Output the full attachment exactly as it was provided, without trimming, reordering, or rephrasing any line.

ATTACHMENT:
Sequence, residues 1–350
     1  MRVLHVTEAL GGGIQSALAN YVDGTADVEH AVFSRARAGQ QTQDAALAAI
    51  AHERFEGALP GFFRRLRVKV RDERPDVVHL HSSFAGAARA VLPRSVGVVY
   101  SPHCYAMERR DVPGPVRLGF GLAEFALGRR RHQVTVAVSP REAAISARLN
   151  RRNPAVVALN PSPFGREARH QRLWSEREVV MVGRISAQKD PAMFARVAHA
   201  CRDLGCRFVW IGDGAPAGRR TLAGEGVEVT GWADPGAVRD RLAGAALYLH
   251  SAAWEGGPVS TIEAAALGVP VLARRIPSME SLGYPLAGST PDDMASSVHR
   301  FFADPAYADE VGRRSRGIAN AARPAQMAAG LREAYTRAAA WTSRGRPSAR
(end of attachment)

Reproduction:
Sequence, residues 1–350
     1  MRVLHVTEAL GGGIQSALAN YVDGTADVEH AVFSRARAGQ QTQDAALAAI
    51  AHERFEGALP GFFRRLRVKV RDERPDVVHL HSSFAGAARA VLPRSVGVVY
   101  SPHCYAMERR DVPGPVRLGF GLAEFALGRR RHQVTVAVSP REAAISARLN
   151  RRNPAVVALN PSPFGREARH QRLWSEREVV MVGRISAQKD PAMFARVAHA
   201  CRDLGCRFVW IGDGAPAGRR TLAGEGVEVT GWADPGAVRD RLAGAALYLH
   251  SAAWEGGPVS TIEAAALGVP VLARRIPSME SLGYPLAGST PDDMASSVHR
   301  FFADPAYADE VGRRSRGIAN AARPAQMAAG LREAYTRAAA WTSRGRPSAR